Profits double to €115,000 at this popular Irish restaurant
Profits at the Michelin-starred restaurant l'Ecrivain, owned by Derry and Sallyanne Clarke, more than doubled last year to €114,121.
Accounts show that the company which operates the landmark restaurant, Sudberry Trading, recorded the healthy profits as it benefited from the boom in fine dining in the capital.
The Clarkes established l'Ecrivain on Dublin's Baggot Street in 1989 - two years after they had got married - and they celebrated the restaurant's 28th anniversary last Friday.
Sudberry Trading reduced its accumulated losses for a third year running after a number of years in which these had risen.
The accounts show that the firm's accumulated losses - largely made up of non-cash depreciation costs and monies owed to Derry Clarke - fell from €611,019 to €496,898.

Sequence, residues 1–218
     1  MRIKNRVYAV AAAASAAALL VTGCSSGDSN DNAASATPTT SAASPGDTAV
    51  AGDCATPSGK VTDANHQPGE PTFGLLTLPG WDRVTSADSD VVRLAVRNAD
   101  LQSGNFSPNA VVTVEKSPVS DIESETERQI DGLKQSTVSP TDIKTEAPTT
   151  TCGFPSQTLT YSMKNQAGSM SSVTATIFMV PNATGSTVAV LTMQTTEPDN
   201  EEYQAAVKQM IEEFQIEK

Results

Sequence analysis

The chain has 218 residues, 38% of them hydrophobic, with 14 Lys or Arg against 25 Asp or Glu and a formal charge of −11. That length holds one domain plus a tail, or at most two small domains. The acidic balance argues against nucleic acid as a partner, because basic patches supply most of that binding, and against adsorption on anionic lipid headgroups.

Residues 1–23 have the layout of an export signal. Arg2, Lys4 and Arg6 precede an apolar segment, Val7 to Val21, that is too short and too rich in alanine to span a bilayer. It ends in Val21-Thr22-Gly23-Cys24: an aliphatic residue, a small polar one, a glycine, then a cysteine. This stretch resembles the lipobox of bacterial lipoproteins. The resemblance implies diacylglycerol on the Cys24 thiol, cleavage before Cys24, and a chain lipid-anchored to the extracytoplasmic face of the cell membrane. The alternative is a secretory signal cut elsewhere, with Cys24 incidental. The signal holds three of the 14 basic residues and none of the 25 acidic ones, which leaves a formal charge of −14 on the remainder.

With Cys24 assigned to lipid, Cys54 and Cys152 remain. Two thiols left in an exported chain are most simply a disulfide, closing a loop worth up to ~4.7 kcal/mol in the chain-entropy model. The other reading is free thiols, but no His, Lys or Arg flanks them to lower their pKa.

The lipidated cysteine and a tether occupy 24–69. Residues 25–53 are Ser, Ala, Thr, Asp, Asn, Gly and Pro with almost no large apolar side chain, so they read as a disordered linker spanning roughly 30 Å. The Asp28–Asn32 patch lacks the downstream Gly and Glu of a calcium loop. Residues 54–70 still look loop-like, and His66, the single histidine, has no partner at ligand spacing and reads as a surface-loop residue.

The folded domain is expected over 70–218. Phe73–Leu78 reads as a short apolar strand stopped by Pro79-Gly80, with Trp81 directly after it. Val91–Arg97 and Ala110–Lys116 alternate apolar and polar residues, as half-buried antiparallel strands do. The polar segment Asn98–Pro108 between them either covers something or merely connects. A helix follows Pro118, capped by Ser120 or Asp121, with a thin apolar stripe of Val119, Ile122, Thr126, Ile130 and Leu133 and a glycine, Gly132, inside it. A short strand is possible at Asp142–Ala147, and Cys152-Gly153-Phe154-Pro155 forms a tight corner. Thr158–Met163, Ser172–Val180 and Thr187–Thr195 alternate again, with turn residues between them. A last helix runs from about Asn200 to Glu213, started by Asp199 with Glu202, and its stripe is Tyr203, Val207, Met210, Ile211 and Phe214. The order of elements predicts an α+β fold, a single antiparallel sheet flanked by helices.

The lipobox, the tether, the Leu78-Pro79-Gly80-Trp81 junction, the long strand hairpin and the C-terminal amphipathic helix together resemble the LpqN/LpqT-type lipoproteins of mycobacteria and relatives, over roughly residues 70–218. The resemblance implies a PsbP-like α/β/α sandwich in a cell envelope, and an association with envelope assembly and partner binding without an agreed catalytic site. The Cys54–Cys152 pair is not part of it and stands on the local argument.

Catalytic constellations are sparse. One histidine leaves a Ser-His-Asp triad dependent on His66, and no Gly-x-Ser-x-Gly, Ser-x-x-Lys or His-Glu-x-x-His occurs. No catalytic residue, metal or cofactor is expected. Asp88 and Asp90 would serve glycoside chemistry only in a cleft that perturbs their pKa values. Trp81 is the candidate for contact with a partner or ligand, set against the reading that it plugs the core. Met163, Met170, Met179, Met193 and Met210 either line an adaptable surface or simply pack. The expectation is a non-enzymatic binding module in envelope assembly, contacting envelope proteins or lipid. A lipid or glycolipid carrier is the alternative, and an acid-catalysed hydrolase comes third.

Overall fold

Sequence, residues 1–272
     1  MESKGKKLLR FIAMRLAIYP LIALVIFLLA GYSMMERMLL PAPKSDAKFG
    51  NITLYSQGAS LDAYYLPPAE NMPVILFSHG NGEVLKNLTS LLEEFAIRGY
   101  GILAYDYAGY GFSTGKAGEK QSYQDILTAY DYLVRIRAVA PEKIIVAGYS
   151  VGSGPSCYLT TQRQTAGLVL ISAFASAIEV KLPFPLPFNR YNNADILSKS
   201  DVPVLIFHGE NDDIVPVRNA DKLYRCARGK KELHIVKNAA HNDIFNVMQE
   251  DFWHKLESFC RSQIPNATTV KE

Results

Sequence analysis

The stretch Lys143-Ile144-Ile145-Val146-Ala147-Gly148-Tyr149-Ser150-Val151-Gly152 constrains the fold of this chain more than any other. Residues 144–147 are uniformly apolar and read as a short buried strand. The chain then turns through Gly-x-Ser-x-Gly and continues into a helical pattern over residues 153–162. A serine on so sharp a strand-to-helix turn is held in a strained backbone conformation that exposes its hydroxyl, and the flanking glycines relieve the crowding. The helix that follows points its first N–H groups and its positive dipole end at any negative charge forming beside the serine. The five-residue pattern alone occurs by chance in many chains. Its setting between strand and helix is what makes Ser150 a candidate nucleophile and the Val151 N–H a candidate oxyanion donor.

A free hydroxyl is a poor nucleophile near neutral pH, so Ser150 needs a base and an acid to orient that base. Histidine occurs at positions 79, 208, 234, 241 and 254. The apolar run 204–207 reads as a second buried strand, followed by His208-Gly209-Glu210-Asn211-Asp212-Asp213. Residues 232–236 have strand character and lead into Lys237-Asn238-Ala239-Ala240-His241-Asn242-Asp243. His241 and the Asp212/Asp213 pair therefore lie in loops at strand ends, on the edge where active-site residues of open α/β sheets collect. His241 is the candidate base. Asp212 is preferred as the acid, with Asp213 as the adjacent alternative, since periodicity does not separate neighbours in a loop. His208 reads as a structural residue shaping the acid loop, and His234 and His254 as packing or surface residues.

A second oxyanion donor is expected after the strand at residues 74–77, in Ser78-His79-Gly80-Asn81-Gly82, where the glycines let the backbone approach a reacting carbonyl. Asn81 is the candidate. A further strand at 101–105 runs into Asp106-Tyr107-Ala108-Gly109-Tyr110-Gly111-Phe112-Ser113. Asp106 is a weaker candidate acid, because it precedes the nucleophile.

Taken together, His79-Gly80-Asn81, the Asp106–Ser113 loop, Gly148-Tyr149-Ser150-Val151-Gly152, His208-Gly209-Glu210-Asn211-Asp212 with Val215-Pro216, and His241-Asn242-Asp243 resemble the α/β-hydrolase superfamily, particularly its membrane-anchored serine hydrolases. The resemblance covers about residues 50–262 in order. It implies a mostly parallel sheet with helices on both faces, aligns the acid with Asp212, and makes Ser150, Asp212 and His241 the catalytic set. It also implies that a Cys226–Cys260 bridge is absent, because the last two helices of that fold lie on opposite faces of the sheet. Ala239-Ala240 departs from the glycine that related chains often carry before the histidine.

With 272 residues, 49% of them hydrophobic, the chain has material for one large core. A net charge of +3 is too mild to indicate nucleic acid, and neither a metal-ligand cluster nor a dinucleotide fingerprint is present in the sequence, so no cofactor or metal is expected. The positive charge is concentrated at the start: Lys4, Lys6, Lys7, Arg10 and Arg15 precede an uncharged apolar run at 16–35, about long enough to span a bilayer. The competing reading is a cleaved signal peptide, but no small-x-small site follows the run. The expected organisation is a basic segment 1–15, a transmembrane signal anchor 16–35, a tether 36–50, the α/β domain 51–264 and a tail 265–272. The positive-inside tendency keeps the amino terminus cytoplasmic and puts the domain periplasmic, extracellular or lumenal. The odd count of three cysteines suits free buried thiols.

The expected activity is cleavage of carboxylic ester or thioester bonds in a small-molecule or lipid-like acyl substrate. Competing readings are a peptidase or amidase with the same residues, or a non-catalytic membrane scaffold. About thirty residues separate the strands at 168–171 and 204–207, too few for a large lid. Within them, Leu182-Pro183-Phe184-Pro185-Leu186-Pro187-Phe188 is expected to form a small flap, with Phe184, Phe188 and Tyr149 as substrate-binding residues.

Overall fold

Business was boosted by the opening of the Samsung Kitchen at l'Ecrivain in September 2015.
The Samsung Kitchen is a private dining room with its own live kitchen, where Derry Clarke and his team of chefs cook for, and in view of, their customers.
The addition of the new private dining room is reflected in the latest accounts, where the book value of tangible assets increased from €196,695 to €239,605. Staff salaries, inclusive of directors' salaries, decreased only marginally, going from €675,383 to €674,404
L'Ecrivain is only one of 10 restaurants in the Republic to currently have Michelin star status.
The long-established Restaurant Patrick Guilbaud, which is situated beside the Merrion Hotel, has two stars.
The other one-Michelin-star restaurants are Heron & Grey at Blackrock Market in Dublin; Ross Lewis's Chapter One, in Dublin 1; the Greenhouse, on the capital's Dawson Street; Aniar and Loam, both in Co Galway; Campagne and Lady Helen, both in Co Kilkenny; along with the House restaurant at the Cliff House hotel at Ardmore, Co Waterford.
The dinner-tasting menu at l'Ecrivain will set you back €90, while the lunch menu costs €45 for three courses.